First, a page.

CAIRO, EGYPT —
More than a dozen car bombs exploded in the Iraqi capital, Baghdad, and other cities on Monday, killing over 50 people and wounding more than 200 others. The bombers appeared to have targeted mostly Shi'ite areas. This year has been one of the deadliest since the 2003 invasion of Iraq.
Ambulances ferried victims of a bomb blast in Baghdad's mostly Shi'ite district of Sadr City. Witnesses say a blast inside a minivan transporting Shi'ite workers killed more than half a dozen people.
A bystander gave his version of what happened. He said the force of the blast inside the vehicle killed and wounded people in the area and damaged surrounding shops.
Car-bomb blasts also rocked at least six other Baghdad neighborhoods. In addition, bloody explosions struck the towns of Mahmoudiya, Kut, Basra and Samawa.
A witness in Samawa said fire and rescue workers were slow to arrive at the scene of the blast. He said it took the fire department four hours to respond after the car bomb exploded, frightening people and setting fire to his and other cars.
Parliament Speaker Osama Nujeif, a Sunni, condemned the explosions, as did many other Sunni and Shi'ite political leaders. Baghdad's Alsharqiya TV reported that Shi'ite Prime Minister Nouri al-Maliki dismissed his military intelligence chief after the blasts.
Security reportedly was strengthened in several Shi'ite regions of the country in the lead-up to a major Shi'ite festival. The deputy head of the Najaf Provincial Council, Louai Yassiri, explained what is being done. He said his council is trying to revamp its security practices, bringing government officials out of their offices and into the street to coordinate efforts and better protect the people.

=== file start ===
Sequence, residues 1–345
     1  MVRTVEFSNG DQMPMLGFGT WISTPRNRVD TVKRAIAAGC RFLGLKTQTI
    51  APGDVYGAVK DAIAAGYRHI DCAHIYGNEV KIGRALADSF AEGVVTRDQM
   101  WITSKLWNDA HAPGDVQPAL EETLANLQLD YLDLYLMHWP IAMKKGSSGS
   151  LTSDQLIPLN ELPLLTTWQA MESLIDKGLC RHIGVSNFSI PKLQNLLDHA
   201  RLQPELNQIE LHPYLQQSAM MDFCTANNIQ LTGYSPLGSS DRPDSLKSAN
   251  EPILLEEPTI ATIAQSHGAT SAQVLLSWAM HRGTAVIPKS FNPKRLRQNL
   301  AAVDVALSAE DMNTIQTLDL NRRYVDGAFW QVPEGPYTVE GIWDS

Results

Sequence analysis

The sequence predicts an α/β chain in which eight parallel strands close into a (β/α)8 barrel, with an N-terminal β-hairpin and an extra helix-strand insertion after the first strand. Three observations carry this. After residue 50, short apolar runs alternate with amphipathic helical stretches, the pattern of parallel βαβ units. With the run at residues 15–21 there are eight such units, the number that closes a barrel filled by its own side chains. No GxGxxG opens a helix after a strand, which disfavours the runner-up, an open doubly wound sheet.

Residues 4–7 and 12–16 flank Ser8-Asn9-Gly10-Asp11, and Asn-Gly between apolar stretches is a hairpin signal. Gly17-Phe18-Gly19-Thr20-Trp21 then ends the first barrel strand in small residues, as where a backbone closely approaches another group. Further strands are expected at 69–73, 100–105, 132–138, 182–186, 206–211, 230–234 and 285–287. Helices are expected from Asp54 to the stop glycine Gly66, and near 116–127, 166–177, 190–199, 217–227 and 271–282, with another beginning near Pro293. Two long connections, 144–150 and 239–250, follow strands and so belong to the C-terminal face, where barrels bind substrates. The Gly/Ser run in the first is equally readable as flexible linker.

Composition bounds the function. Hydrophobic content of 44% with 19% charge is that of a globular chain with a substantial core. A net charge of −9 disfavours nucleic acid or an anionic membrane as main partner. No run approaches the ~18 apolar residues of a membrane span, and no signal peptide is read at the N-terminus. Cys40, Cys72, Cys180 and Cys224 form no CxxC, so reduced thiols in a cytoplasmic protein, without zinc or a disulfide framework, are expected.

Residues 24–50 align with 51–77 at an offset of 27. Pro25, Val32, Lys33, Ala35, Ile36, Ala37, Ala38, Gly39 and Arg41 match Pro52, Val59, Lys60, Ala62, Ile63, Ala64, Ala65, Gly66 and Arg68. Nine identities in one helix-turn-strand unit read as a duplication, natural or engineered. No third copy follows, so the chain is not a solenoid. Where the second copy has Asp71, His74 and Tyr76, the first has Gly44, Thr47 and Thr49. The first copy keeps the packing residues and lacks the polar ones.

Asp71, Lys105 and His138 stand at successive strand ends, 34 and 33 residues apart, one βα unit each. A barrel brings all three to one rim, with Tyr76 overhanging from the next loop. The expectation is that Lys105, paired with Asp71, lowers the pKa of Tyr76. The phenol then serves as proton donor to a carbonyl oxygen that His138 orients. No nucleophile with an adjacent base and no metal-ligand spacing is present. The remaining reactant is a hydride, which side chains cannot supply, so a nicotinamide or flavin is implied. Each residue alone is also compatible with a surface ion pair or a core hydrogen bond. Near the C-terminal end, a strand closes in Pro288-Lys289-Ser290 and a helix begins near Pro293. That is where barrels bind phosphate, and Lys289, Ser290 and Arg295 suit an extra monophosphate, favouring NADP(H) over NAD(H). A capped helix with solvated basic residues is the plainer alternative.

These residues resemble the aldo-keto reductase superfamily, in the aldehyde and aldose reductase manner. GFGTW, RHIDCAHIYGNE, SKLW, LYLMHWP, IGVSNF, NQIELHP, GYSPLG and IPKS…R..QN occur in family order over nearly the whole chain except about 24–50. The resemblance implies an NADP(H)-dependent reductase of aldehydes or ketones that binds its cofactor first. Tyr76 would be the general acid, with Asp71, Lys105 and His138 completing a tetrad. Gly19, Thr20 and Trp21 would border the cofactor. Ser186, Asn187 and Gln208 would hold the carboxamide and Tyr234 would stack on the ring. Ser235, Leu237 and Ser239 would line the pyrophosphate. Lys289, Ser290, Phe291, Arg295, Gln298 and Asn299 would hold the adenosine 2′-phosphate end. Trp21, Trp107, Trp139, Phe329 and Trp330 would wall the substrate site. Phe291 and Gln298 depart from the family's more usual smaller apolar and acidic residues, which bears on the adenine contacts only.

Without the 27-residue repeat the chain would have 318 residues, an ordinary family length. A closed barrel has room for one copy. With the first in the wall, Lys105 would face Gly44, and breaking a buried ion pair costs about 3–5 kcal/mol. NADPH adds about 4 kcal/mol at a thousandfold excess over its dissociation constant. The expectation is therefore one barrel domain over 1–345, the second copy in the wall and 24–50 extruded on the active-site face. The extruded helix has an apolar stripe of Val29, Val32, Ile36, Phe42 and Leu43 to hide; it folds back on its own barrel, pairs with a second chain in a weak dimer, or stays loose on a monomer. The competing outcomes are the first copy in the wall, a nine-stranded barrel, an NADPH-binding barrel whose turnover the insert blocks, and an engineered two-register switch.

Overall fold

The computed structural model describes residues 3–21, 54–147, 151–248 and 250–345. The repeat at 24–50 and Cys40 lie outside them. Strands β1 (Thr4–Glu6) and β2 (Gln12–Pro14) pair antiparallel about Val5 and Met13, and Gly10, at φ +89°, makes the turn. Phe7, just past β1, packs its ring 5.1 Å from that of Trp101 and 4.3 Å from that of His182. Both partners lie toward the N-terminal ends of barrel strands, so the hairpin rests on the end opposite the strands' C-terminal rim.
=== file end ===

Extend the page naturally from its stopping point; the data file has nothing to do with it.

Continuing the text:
James Denselow of the London-based Foreign Policy Centre said that security inside Iraq is deteriorating because of both local and regional issues.
"This is a reflection of an endemic state of instability, and a security forces that are unable to protect large targets such as market places and places of worship," said Denselow. "Meanwhile, instability in Syria has given second wind to Sunni extremist groups that operate under a various range of franchises across a poorly demarcated and even less defended border.”
Denselow also points out that political gridlock in Iraq has added to the chaos, since the country has not had an interior minister in more than a year. Iraqi analysts say that attacks on two major prisons last week let loose dozens of al-Qaida militants, further adding to security worries.